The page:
An enlightening, undogmatic introduction to the state of US Soviet relations and Soviet politics. These 24 essays first...


SOVIETICUS: American Perceptions and Soviet Realities

An enlightening, undogmatic introduction to the state of US Soviet relations and Soviet politics. These 24 essays first appeared in The Nation in Cohen's monthly ""sovieticus"" column, which since 1982 has provided a rare journalistic forum in the West for regular discussion of Soviet affairs. The timing here is fortuitious: Cohen, professor of Soviet politics and history at Princeton and author of the groundbreaking Bukharin and the Bolshevik Revolution, has been able to examine--as they unfold--such key issues as who would succeed Brezhnev and under what terms; would the Soviets enact reforms similar to those underway in other Communist countries--particularly in Eastern Europe and China--or continue on the sluggish path charted by Brezhnev; how far would Reagan go in trying to isolate and excoriate the Soviets? How would they react? Cohen's viewpoint is uncommonly reasonable, and his material is as fresh as when it originally appeared. Concerning US-Soviet relations, he states flatly that d‚tente is both ""imperative and possible."" He says the Reagan administration's hardline policy has ""contributed to political reaction"" in the USSR, and he attributes ""Sovietphobia"" to Americans' unwillingness to acknowledge that ""the Soviet Union has become a legitimate great power with interests and entitlements in world affairs comparable to our own."" As to internal Soviet matters, his choice of subjects in two essays on dissidents is typically illuminating. Instead of highlighting those whose messages are perhaps more palatable here--along the lines of Solzhenitsyn--Cohen discusses Roy Medvedev and the late Yevgeny Gnedin, both Marxists who believe the system needs reforming, not abolishment. This is but one way he sets himself apart from most US media, which he flails for presenting contradictory, simplified, and misleading accounts of the Soviet world. Cohen sets a praiseworthy standard for his self-proclaimed goal of ""mixing scholarship and journalism."" One measure of his success: many readers have accused him of being a ""Soviet apologist""; at the same time, since the column began, the Soviets have denied Cohen a visa.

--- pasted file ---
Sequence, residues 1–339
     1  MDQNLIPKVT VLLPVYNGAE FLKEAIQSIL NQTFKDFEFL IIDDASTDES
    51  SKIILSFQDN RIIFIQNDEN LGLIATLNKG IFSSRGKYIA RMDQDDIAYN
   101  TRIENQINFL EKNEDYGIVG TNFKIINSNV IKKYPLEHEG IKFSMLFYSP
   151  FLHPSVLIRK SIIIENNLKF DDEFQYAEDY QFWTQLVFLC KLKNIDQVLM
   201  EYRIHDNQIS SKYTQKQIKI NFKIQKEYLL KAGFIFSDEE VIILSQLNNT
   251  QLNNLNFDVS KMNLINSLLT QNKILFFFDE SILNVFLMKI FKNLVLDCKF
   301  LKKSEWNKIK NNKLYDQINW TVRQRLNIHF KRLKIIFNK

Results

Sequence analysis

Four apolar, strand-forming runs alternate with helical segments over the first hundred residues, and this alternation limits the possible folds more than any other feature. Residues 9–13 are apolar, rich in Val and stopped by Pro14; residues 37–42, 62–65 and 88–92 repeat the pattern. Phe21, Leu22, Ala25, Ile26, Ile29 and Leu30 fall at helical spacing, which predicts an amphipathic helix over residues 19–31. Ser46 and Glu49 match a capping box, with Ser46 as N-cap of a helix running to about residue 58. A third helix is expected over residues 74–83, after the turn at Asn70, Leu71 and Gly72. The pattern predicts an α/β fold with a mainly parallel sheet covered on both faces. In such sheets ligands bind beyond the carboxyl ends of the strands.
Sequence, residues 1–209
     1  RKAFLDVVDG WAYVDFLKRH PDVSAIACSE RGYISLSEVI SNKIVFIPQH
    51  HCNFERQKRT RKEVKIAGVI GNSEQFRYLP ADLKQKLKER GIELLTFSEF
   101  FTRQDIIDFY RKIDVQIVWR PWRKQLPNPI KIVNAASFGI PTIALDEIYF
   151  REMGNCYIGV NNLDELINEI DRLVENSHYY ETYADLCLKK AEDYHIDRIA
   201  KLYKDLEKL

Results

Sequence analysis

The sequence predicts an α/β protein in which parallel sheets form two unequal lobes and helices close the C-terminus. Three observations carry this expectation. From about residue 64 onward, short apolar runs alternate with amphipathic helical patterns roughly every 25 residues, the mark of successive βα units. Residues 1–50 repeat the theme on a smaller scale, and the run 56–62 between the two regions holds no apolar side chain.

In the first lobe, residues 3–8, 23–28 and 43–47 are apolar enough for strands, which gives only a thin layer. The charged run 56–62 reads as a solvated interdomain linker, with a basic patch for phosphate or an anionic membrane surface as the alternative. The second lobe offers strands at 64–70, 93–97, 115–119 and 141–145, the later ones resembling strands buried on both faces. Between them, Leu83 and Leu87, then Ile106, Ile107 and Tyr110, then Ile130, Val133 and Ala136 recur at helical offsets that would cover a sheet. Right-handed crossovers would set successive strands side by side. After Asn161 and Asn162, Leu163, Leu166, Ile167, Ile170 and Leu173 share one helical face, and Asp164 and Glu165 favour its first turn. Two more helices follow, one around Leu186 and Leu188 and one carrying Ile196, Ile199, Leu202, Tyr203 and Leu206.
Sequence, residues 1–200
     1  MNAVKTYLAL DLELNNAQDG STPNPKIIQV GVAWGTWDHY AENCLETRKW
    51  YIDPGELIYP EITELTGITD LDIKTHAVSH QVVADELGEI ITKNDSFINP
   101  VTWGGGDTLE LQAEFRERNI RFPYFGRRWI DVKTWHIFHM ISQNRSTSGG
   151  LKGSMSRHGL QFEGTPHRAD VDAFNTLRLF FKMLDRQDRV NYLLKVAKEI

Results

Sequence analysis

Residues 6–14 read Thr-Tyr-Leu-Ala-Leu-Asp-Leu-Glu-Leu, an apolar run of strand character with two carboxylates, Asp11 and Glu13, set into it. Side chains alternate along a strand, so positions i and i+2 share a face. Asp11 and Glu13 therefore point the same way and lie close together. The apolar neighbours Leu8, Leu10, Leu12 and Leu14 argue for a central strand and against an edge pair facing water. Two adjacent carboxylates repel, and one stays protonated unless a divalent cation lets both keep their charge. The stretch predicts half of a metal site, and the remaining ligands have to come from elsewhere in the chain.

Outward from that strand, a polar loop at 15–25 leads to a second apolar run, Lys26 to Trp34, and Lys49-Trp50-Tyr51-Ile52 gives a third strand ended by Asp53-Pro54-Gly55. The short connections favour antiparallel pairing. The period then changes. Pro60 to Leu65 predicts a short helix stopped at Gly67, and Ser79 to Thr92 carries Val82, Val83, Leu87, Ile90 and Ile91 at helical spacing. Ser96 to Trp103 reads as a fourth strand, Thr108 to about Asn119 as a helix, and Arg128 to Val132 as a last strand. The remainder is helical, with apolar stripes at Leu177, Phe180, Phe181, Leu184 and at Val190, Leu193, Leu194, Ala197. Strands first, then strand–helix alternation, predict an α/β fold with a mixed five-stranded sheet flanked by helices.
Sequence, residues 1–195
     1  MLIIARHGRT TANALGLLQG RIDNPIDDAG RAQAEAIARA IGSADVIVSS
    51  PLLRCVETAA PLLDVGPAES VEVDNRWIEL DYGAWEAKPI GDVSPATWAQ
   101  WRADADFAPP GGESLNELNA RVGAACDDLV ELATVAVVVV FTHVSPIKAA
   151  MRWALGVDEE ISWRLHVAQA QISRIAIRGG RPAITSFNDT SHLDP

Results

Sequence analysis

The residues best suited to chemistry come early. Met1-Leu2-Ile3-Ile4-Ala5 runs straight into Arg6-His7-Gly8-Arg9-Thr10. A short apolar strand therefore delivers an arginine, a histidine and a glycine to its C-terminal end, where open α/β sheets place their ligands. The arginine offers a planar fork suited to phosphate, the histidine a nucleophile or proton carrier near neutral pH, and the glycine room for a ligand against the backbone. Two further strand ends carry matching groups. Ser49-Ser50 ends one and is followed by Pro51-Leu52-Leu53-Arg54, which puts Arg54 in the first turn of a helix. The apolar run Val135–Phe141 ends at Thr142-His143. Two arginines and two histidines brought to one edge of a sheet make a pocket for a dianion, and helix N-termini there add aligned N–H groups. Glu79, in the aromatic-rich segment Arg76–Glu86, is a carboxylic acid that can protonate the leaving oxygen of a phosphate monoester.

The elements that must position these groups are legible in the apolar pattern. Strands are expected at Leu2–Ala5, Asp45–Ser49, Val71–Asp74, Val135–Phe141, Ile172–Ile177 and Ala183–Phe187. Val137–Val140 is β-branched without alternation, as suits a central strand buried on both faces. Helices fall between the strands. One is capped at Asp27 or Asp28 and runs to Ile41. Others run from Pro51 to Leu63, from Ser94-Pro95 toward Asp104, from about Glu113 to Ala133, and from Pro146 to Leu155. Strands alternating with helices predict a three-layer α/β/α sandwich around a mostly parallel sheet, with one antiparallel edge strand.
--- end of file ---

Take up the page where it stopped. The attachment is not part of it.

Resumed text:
Pub Date: June 24, 1985

ISBN: 0393303381

Page Count: -

Publisher: Norton

Review Posted Online: N/A

Kirkus Reviews Issue: May 15, 1985